Tuesday, Gerwig and her husband, Noah Baumbach, with whom she co-wrote the film, were nominated for best adapted screenplay. (In another twist that didn’t delight “Barbie” fans, the academy deemed the script would be categorized as adapted.) Robbie, as a producer, shared in the best picture nomination.

Neither Gerwig nor Robbie has commented publicly yet on either the nominations the movie received or the ones they didn’t. Representatives for Gerwig and Robbie didn’t respond Wednesday to queries.

Meanwhile, debates raged about the nature of the “Barbie” snubs. Mary McNamara, the cultural columnist for The Los Angeles Times, wrote: “Did too many people (particularly women) enjoy ‘Barbie’ for it to be considered ‘important’ enough for academy voters? Did Robbie’s Barbie not suffer enough? Did Gerwig simply make it look too effortless? Was it just too pink?”

Sexism might have played a role. Yet Justine Triet, the filmmaker of the Palme d’Or-winning French courtroom drama “Anatomy of the Fall,” was among the nominees for best director, along with Christopher Nolan (“Oppenheimer”), Martin Scorsese (“Killers of the Flower Moon”), Jonathan Glazer (“The Zone of Interest”) and Yorgos Lanthimos (“Poor Things”). That left two Directors Guilds nominees — Gerwig and Alexander Payne (“The Holdovers”) — on the outside.

One likely factor: the increasingly international composition of the film academy. Partly to expand the diversity of Oscar voters, the academy is spread around the world more than ever; ballots were filed from a record 93 countries this year. Potentially, that may have favored Europe-based filmmakers like Triet, Lanthimos and Glazer.

The academy could also point to another record: For the first time, three movies directed by women were nominated for best picture: Gerwig’s “Barbie,” Triet’s “Anatomy of a Fall” and Celine Song’s “Past Lives.”

Still, the end result — with the creative brains and star of the year’s most-talked about movie left out — just felt wrong to many.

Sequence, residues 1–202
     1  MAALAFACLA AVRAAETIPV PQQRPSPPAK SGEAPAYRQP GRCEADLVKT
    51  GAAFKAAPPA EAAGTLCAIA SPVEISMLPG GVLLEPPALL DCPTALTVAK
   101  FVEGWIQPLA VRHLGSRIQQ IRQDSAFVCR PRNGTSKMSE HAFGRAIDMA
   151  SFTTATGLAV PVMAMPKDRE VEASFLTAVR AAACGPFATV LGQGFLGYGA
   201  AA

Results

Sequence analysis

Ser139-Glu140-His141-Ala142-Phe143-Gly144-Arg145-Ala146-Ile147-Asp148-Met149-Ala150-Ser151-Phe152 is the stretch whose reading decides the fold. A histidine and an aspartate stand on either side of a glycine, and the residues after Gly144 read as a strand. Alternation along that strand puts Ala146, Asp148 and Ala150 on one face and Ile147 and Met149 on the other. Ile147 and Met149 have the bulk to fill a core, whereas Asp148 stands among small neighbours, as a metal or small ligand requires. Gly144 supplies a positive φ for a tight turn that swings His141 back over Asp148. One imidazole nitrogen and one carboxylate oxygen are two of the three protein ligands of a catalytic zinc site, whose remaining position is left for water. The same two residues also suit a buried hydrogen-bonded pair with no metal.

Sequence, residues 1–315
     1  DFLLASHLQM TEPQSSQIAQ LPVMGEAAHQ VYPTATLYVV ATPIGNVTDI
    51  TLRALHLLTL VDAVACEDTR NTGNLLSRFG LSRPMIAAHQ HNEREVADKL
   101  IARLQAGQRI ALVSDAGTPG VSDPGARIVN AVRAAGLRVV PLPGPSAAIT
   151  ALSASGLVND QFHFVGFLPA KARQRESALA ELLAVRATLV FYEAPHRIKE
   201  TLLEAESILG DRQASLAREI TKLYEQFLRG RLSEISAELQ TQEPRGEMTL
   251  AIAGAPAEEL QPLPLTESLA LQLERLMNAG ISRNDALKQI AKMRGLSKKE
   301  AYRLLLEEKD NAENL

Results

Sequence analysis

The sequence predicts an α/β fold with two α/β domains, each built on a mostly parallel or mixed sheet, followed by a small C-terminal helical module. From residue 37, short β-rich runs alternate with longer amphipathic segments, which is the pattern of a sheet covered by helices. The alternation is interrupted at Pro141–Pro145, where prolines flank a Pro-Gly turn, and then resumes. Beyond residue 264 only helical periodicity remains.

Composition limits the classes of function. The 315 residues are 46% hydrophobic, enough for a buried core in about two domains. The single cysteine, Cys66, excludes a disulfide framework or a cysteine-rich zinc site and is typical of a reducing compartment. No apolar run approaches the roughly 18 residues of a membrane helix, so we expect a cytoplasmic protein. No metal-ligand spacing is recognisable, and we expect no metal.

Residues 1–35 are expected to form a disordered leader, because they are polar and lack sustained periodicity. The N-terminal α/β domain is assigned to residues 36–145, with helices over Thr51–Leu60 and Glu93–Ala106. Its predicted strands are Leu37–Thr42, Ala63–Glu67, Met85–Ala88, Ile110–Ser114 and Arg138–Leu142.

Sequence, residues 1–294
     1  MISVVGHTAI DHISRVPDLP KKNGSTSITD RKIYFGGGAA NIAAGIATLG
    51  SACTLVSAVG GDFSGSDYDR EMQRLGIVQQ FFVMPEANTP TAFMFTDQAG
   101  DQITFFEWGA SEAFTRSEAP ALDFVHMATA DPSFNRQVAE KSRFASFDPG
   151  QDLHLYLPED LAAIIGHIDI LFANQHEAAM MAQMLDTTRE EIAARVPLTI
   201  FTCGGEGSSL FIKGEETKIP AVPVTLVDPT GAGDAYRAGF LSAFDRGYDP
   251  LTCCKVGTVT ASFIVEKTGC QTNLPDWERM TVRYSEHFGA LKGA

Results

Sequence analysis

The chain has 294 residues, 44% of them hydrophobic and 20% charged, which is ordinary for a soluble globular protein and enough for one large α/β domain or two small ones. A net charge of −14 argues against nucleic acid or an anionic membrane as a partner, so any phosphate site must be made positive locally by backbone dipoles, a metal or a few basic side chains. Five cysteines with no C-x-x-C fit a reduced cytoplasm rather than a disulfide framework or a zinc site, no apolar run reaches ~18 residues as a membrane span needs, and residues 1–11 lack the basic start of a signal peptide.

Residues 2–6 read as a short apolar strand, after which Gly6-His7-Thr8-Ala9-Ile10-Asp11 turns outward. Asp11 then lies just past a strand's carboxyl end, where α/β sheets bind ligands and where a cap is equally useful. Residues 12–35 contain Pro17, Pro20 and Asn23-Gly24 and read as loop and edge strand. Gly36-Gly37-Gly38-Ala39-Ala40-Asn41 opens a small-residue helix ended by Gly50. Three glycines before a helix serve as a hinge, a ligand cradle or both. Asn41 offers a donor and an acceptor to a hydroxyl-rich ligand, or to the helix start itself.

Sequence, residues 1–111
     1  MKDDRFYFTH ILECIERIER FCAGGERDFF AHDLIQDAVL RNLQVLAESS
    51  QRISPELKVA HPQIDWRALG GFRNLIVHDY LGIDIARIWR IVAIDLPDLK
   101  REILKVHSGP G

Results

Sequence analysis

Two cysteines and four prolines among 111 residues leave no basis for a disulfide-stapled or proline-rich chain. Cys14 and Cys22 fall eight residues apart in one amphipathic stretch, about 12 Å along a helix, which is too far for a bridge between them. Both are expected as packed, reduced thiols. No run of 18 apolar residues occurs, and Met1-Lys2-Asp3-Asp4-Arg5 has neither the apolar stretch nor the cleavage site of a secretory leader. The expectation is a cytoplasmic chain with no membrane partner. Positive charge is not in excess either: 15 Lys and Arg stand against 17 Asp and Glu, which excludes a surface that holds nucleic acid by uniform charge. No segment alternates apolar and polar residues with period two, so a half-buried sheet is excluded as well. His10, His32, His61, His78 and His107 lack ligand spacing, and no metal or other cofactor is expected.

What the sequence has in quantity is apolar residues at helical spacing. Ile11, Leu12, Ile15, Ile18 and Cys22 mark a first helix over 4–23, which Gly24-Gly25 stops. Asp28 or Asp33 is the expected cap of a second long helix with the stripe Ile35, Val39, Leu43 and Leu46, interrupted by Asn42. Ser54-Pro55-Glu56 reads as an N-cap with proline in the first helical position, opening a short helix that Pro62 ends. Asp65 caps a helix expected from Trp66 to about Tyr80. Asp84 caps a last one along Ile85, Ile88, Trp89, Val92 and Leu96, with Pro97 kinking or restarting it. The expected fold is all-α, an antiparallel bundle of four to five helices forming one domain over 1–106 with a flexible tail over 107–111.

“Greta Gerwig: Made a critically acclaimed, culturally profound, feminist movie about Barbie and the patriarchy that made a billion dollars at the box office,” activist Shannon Watts tweeted. “Oscar nomination goes to … Ken.”

Sometimes, a glaring snub can boomerang a flagging awards campaign. After Ben Affleck went unnominated for directing 2012’s “Argo,” voters rallied around his movie, ultimately handing Affleck the Oscar for best picture. Whether the same effect could follow “Barbie” will be one of the biggest questions leading up the Academy Awards.

On Wednesday, Billie Jean King, who fought for and won equal pay for women in tennis, posted that she was “really upset” about the snubs.

“The movie is absolutely brilliant,” wrote King, “and Greta Gerwig is a genius.”
Follow AP Film Writer Jake Coyle at:

We want to hear from you.

Have a story idea or tip? Send it to the KSL NewsRadio team here.

Arts + Entertainment

taylor swift performing eras tour concert, a new class at weber state focuses on swift...


Weber State University to offer class on Taylor Swift this fall

The Weber State University Taylor Swift class was offered for the first time this spring and filled up quickly.

12 hours ago

Salt Lake City’s downtown skyline on Tuesday, Jan. 30, 2024. Jazz owner Ryan Smith continues to d...

Mariah Maynes

Utah Jazz owner hypes potential “sports-centered” downtown Salt Lake